IN a golden age of manufacturing, Scots-made ironwork was sent all over the world.
Now, however, soaring demand for a West Lothian foundry’s time-served skill has come from an unlikely tropical source, bankrolled by Celtic majority shareholder, Dermot Desmond.
Bo’ness-based Ballantine Castings has secured a major project to supply 180 decorative iron columns for a major luxury marina project in the Caribbean which is being developed by the Irish-born billionaire.
The deal, which will see the handcrafted bespoke columns feature as key architectural elements of dozens of marina buildings on an exclusive island in St Vincent and the Grenadines, is said to be the largest export order of its kind for a generation.
It will see the foundry construct 180 iron columns – each weighing 650kg – which will feature prominently on the façade of at least five key properties within the marina development.
Director Gavin Ballantine said the firm had beaten competition from foundries in China and Italy for the multi-million-pound order, which will see more than 150 tonnes of Bo’ness cast ironwork journey halfway around the world to the sun-kissed Caribbean.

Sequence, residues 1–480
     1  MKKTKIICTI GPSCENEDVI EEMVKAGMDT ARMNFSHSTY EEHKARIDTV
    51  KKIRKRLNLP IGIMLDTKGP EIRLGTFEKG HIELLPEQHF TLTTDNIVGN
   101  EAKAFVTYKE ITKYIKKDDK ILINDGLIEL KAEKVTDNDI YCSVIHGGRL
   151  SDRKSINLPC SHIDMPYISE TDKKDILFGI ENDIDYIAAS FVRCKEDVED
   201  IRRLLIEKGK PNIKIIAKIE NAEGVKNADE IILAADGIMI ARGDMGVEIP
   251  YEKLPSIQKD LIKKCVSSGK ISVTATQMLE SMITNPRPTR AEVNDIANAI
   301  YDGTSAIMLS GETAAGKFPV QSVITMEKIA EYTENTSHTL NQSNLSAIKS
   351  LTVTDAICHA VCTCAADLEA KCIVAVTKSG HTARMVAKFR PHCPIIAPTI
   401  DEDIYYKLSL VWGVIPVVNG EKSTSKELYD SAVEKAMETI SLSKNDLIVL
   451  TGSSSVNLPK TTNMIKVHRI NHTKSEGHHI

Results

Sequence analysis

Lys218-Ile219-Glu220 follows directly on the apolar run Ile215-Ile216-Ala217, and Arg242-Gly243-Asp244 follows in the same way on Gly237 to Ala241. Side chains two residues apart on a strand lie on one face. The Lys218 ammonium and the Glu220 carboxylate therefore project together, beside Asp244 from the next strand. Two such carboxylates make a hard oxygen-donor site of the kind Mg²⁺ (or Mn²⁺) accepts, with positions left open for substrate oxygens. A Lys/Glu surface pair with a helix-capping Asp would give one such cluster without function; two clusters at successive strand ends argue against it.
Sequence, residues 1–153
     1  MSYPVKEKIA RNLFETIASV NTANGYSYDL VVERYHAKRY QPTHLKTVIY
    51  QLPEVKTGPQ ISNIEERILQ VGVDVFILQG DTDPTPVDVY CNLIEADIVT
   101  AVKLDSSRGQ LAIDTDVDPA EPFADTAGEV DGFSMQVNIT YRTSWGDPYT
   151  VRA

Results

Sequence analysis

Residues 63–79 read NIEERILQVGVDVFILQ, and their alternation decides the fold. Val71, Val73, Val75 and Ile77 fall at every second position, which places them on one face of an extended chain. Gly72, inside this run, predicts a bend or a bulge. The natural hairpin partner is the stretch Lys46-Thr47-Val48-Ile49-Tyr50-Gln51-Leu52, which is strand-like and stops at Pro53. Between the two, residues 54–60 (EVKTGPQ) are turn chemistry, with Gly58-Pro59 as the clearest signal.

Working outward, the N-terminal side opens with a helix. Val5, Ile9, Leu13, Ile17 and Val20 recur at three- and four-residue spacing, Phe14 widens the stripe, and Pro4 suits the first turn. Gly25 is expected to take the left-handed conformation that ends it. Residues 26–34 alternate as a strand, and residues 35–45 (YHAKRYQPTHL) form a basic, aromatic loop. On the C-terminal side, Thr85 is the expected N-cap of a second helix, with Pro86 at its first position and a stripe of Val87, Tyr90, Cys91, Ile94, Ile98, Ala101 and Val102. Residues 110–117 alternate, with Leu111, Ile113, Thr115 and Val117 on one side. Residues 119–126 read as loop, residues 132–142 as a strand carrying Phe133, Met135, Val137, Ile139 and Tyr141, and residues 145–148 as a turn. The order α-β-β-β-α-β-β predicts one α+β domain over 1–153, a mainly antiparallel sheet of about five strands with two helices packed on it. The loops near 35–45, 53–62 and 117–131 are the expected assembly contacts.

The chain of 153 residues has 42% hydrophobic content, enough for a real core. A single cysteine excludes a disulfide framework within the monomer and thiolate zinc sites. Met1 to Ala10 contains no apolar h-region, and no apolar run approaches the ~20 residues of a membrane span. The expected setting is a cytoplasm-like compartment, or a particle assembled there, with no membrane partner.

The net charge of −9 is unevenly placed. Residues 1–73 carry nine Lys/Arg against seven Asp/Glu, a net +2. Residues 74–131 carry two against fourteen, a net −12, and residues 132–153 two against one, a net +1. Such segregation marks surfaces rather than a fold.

“It’s not the kind of order that happens very often and we are extremely happy, particularly given the economic situation with so many unknown elements,” he added.
The Celtic chief has already invested an estimated £60m in creating the luxurious Glossy Bay Marina on Canouan Island in the Caribbean – regarded as one of the world’s billionaire playgrounds. The 120-berth marina – including 24 berths for superyachts – has been earmarked for a further £30m investment per year over a four-year period.
Securing the Caribbean order is a remarkable achievement for the family-run foundry which can trace its roots to 1820 and the peak of the industrial revolution.
The business was formally established in 1856 as Arthur Ballantine & Sons and traded for almost 160 until the recent financial crisis saw it facing potential collapse.